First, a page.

Nasheed seeks India military aid to quell Maldives crisis

Self-exiled former president Mohamed Nasheed on behalf of the people has requested neighbor India's military to assist in ending the current political crisis in the country.

The island nation has plunged into fresh political turmoil after the Supreme Court on Thursday ordered the immediate release of jailed political leaders including Nasheed.

More than four days after the Supreme court ordered the immediate release of as many as nine political prisoners, government has thus far refused to comply.

President Yameen late Monday declared a state of emergency after his last ditch attempt to convince the top court to revoke the order failed after the apex court rejected the government's 'legal and judicial' concerns over the order.

President Yameen has declared emergency state for 15 days and suspended as many as 20 constitutional rights for the duration along with the criminal procedure Act and several articles of the judicature Act.

The constitutional rights suspended president Yameen has effectively quashed any moves by the opposition to impeach him while also stripping the Supreme Court of any authority.

In the few hours since emergency state was declared police have made a series of high profile arrests including former president Maumoon Abdul Gayoom, two top court judges and the chief judicial administrator.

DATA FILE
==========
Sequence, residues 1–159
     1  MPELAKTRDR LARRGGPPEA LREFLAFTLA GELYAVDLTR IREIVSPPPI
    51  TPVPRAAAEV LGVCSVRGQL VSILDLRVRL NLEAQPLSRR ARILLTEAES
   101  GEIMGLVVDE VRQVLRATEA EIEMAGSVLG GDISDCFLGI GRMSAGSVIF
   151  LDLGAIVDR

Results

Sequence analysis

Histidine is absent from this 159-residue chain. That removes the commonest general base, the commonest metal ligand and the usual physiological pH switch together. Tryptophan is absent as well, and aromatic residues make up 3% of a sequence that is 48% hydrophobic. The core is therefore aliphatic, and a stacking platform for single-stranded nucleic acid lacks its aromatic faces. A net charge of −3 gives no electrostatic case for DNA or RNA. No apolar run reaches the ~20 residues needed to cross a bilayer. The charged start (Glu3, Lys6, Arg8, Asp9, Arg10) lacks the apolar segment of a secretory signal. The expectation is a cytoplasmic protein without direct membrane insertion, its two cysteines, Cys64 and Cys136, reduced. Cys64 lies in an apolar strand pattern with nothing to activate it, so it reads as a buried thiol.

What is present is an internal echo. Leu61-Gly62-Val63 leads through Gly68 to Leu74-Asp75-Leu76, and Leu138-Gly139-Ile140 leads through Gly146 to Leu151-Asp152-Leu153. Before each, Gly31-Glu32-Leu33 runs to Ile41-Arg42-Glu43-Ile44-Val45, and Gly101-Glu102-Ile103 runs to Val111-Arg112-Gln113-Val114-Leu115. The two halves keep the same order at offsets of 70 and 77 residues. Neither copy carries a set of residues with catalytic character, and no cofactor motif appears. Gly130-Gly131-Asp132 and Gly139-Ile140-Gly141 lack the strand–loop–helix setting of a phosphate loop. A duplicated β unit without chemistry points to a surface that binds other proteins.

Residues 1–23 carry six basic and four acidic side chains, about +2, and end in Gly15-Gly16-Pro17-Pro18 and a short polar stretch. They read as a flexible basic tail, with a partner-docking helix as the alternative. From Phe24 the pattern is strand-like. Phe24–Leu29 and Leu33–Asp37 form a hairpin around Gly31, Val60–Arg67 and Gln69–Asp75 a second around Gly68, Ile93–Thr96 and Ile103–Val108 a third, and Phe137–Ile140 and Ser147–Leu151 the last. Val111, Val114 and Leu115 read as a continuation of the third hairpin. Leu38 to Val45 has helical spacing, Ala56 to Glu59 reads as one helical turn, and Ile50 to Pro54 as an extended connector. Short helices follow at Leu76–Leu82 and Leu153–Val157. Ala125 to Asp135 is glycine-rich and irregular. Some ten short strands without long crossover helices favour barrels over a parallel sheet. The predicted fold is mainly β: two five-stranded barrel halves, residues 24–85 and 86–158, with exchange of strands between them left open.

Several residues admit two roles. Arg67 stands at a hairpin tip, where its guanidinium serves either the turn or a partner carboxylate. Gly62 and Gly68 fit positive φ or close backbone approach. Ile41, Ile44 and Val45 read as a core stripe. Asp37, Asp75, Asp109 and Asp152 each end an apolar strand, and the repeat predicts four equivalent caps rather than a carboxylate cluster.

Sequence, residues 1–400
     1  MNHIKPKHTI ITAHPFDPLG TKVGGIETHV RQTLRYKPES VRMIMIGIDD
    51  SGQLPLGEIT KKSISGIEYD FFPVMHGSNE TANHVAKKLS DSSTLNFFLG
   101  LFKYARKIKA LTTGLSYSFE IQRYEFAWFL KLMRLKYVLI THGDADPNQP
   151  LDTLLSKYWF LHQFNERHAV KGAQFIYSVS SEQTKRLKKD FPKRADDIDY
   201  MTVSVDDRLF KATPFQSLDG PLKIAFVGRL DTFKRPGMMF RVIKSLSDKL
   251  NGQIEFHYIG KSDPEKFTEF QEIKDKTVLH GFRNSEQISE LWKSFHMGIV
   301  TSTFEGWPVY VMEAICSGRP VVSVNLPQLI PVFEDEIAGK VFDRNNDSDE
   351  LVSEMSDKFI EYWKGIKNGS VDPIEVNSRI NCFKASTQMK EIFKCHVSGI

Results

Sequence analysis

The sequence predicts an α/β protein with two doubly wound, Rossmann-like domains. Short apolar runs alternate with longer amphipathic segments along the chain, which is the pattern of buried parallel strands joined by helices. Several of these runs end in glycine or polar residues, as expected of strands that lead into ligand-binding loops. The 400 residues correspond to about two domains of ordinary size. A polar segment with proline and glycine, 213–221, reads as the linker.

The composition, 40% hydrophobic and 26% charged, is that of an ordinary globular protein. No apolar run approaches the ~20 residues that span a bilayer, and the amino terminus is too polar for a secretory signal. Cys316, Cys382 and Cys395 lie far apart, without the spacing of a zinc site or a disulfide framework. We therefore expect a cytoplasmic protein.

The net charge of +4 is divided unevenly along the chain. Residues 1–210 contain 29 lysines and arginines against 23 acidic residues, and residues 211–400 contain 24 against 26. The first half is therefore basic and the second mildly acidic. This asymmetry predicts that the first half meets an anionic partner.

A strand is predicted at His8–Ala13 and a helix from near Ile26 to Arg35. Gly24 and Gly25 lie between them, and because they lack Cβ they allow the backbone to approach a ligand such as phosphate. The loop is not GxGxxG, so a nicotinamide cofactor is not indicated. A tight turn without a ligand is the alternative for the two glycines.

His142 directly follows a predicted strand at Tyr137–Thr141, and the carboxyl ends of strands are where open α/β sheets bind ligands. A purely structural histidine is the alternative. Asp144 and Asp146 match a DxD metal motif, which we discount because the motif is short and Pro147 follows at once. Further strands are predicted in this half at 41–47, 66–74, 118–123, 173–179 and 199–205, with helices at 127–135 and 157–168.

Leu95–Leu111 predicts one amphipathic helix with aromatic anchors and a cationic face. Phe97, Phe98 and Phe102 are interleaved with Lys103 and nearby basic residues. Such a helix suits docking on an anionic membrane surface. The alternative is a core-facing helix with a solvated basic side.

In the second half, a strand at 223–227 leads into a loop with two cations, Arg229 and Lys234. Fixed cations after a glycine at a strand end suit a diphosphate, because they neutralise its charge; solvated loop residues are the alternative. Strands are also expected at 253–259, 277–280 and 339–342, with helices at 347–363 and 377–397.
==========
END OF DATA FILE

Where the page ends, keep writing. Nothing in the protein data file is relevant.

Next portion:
Nasheed on Twitter requested the South Asian giant to dispatch an envoy backed by the country's military to have the arrested judges and political leaders released.

"We request a physical presence," Nasheed said.

Nasheed has also urged the United States "to stop all financial transactions of Maldives regime leaders going through US banks."

Nasheed's plea to India and the US came moments after president Yameen amended his declaration to suspend more constitutional rights including the right to silence.

In addition to Nasheed, the other top political leaders named in the order included Jumhoory Party (JP) leader Gasim Ibrahim, religiously conservative Adhaalath Party (AP) leader Sheikh Imran Abdulla, former defence minister Mohamed Nazim, former vice president Ahmed Adheeb Abdul Ghafoor and Gayoom's lawmaker son Faris Maumoon.

The others named in the order included former prosecutor general Muhthaz Muhsin, magistrate Ahmed Nihan and Adheeb's brother in law Hamid Ismail.

The court had also annulled its anti-defection ruling and ordered the country's electoral watchdog to re-instate the dozen government lawmakers disqualified over the ruling. The Supreme Court said the anti-defection ruling was issued as a temporary solution to the constitutional dispute case filed by the state but insisted that the relevant authorities have failed to bring to effect an anti-defection law specified in the ruling.